So You Want to Be in Media?

I am Paula G Voice, I am media! I invite you to embrace the journey but maybe you don’t know where to start. Let’s take a look at some things that need to be considered:


Television

Television! Television? So, you want to be on television? Embrace the journey! Now what does it take? A lot! Prayer! Preparation! Let’s take a look at what it takes:


· Do you have a concept? What is your platform? What is it that you have to say and how will you relay it to our audience?

· Who is your audience? Who is it you are speaking to? What is it that they need and need to hear?

· What is your program format? How will you open your show? Commercials? Music? Script?

· What day and time will your show air? Commit to that day and time because your audience will expect to tune in each week to your show

· Name? What will your show be called? Does the name reflect your brand or your platform?

· Where will your show be aired? What platform? Terrestrial or Internet?


Questions that need to be pondered over and answered before embarking on this journey!


Radio!

Practice makes perfect! If you want to become well-versed in something, you must practice. If you want to become well-versed in something, you must learn everything you need to learn about that “something.” Learn, practice, act. So,

what are some things to consider when thinking about having your own radio show?

Here are 10 things you need to consider when developing a radio show:


1. Concept: What ideas do you have? What do you feel would be a great idea that you could talk about? What experiences have you had that you could shape and develop for radio programming?

2. Platform: Which radio platform will you use? There are many platforms upon which you can broadcast a radio show. Survival Radio Network utilized Blog Talk Radio as their platform. Google make a list and search each platform and see which one works best for you.

3. Boundaries: What will you discuss on your show? What are some topics that you absolutely will not discuss? You must decide where you draw the line.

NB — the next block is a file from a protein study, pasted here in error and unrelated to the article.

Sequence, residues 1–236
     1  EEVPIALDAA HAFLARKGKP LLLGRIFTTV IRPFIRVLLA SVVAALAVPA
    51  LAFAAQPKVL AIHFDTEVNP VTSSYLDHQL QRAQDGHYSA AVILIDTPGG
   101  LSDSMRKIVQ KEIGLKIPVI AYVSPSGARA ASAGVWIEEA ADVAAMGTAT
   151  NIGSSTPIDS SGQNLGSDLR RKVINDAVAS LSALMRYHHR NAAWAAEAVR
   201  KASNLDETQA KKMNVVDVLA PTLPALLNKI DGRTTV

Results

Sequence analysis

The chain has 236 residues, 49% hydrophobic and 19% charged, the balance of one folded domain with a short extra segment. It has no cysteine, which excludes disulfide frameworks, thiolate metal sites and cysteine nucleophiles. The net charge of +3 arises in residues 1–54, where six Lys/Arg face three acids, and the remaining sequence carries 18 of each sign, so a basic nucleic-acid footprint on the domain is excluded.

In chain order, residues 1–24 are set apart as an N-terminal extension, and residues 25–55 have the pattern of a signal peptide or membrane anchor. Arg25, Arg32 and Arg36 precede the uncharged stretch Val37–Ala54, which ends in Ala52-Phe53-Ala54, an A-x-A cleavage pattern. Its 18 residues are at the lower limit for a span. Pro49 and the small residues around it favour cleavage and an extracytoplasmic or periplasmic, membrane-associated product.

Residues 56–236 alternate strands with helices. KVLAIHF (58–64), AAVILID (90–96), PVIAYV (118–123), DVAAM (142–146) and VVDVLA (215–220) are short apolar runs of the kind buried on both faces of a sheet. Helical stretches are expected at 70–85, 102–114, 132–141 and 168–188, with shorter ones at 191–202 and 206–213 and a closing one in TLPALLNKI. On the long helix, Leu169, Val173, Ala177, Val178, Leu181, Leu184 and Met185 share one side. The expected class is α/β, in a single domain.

4. Time/Day: Here’s where the commitment comes in. Rain, shine, snow, sleet, hail, a cold, a headache, or a plain “I don’t feel like it,” can all hinder you from broadcasting. Each show is a commitment to your audience. Your audience expects to hear you each week on the day and time that you have established as ‘showtime.” Make sure you can make the commitment for the long run.

5. Longevity: Does your concept have longevity or is it just the “hot topic” of the moment and interest will wane? Give some thought to how long you want to be engaged as a radio show host. Is this just a hobby or are you in it for the long haul?

6. Guests/or not: Can you carry a topic for 30 to 60 minutes or do you need to book guests each week?

7. Music: Will you have commercial breaks in which you will play music? If so, you will need to consider ASCAP policies, copyright laws, and other legalities. Artists music has been playing on a variety of platforms for years without artist compensation. That is changing and you will need to be well-versed on the process before playing music on your show.

8. Opening/Closing: Do you have a custom opening and closing? What you open your show with and close your show with, makes a difference. Both have lasting impressions.

9. Logo: You can probably think of a couple of radio shows that when you see the logo, you automatically know who’s show it is. Consider a logo that reflects your show concept and reflects you.

10. Co-Host: Some work, some don’t. Consider which would work best given your topic and your own personal preference.


This is not an exhaustive list, but it is definitely a start! Radio is a great platform for your voice to be heard. If you have a voice, if you have something to say, consider having your own television or radio show, and embrace the journey.



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